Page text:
Expert Answer Forum

Breaking of the bread QUESTION from Peter O'Shaughnessy March 14, 2000
Dear John, As far as I can tell our local priest doesn't break the bread when I think that he should.ie after saying ...He gave you thanks and praise.He broke the bread... He doesn't seem to break it a all except when getting it ready to serve out.I s this right? Peter O'S. ANSWER by Mr. John Miskell on April 5, 2000
Dear Peter, Thanks for your question. The rubrics call for the priest to break the Host after the sign of peace. Since the eucharistic celebration is the paschal meal, it is right that the faithful who are properly disposed receive the Lord's body and blood as spiritual food as He commanded. [43] This is the purpose of the breaking of the bread and the other preparatory rites that lead directly to the communion of the people: a) Lord's Prayer: this is a petition both for daily food, which for Christians means also the eucharist bread, and for the forgiveness of sin, so that what is holy may be given to those who are holy. The priest offers the invitation to pray, but all the faithful say the prayer with him: he alone adds the embolism, Deliver us, which the people conclude with a doxology. The embolism, developing the last petition of the Lord's Prayer, begs on behalf of the entire community of the faithful deliverance from the power of evil. The invitation, the prayer itself, the embolism, and the people's doxology are sung or are recited aloud. b) Rite of Peace: before they share in the same bread, the faithful implore peace and unity for the Church and for the whole human family and offer some sign of their love for one another. c) Breaking of the bread: in apostolic times this gesture of Christ at the last supper gave the entire eucharistic action its name. This rite is not simply functional, but is a sign that in sharing in the one bread of life which is Christ we who are many are made one body (see 1 Cor 10:17). d) Commingling: the celebrant drops a part of the host into the chalice. e) Agnus Dei: during the breaking of the bread and the commingling, the Agnus Dei is as a rule sung by the choir or cantor with the congregation responding; otherwise it is recited aloud. This invocation may be repeated as often as is necessary to accompany the breaking of the bread. The final reprise concludes with the words, grant us peace. [GIRM #56] John Miskell Back to Index Page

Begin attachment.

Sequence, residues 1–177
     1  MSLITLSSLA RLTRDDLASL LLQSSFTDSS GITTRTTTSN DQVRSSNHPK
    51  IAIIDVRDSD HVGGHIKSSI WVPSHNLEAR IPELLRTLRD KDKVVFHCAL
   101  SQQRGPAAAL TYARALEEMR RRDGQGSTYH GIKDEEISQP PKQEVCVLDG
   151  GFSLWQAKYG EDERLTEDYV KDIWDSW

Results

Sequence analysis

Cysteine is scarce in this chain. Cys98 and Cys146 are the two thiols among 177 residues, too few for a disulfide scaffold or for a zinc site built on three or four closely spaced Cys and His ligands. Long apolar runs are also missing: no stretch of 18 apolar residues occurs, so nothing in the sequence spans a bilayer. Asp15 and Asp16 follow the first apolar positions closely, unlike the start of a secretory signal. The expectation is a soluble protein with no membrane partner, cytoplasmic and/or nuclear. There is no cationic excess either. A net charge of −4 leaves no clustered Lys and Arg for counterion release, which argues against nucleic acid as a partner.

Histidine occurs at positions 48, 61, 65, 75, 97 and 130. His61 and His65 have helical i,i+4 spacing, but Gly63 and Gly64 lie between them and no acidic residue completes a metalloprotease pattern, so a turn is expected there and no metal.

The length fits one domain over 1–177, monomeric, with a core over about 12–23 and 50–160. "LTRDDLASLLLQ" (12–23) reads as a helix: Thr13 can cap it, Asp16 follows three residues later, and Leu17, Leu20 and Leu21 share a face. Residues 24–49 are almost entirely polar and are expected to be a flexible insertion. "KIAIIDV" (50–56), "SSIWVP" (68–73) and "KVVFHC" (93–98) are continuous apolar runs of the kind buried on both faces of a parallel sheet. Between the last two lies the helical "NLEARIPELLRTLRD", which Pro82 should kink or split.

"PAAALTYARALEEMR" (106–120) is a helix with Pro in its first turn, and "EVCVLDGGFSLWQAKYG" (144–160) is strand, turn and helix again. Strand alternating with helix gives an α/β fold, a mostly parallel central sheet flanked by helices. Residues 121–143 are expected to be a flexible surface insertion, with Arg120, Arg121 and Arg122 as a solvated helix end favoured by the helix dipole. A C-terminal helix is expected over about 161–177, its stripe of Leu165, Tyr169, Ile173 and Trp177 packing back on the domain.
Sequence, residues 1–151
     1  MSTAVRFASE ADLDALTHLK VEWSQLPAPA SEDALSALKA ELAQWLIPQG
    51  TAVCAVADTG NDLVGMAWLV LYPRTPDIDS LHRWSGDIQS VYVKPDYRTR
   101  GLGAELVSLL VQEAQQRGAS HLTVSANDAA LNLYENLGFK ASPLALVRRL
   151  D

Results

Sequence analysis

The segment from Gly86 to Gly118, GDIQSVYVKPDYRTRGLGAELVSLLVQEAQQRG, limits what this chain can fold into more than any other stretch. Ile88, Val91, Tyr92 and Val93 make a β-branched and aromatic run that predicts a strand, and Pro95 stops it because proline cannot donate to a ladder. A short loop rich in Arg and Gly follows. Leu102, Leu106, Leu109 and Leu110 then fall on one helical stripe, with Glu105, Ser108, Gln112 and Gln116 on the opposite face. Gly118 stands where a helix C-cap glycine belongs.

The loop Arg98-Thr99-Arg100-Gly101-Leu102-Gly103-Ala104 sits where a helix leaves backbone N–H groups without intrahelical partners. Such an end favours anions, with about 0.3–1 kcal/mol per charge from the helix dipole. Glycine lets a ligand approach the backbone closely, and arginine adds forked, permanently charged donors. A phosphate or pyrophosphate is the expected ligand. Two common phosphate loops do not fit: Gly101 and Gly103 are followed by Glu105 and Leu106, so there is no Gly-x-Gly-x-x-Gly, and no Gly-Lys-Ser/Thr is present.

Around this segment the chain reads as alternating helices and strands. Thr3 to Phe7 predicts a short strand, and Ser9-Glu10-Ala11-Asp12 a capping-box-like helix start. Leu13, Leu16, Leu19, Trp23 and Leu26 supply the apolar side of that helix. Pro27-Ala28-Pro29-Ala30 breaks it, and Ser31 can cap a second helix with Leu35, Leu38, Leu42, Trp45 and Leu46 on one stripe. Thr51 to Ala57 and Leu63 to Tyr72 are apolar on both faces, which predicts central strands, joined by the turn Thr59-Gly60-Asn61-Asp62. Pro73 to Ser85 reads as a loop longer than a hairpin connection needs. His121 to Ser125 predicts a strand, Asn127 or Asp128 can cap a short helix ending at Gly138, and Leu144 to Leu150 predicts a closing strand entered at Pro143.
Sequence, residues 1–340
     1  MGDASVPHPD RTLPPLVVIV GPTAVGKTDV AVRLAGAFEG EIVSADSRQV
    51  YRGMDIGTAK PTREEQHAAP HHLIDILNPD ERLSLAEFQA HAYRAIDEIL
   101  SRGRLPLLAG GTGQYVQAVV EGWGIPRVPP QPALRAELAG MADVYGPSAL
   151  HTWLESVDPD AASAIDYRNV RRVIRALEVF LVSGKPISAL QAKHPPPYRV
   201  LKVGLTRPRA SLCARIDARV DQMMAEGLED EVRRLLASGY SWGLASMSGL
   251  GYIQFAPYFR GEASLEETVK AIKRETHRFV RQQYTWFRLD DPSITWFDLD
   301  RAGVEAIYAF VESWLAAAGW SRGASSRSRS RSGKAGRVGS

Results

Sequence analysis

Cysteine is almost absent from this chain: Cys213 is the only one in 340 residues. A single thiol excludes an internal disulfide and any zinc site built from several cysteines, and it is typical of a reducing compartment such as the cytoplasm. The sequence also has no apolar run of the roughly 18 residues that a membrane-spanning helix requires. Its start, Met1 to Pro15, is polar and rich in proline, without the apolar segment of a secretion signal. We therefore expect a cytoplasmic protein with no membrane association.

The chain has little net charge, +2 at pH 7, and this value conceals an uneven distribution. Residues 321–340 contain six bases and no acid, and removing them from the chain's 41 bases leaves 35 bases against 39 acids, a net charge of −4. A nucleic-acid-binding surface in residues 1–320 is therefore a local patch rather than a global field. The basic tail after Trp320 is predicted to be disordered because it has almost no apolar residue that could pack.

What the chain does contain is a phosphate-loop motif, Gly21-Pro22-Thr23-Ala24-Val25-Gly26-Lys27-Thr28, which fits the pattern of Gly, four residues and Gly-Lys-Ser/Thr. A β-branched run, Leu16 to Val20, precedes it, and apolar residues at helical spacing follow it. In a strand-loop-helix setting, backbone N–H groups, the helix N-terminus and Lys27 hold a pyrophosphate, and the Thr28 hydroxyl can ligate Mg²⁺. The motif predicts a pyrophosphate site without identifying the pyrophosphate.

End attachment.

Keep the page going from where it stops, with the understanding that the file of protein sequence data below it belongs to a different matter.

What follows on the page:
You have successfully subscribed!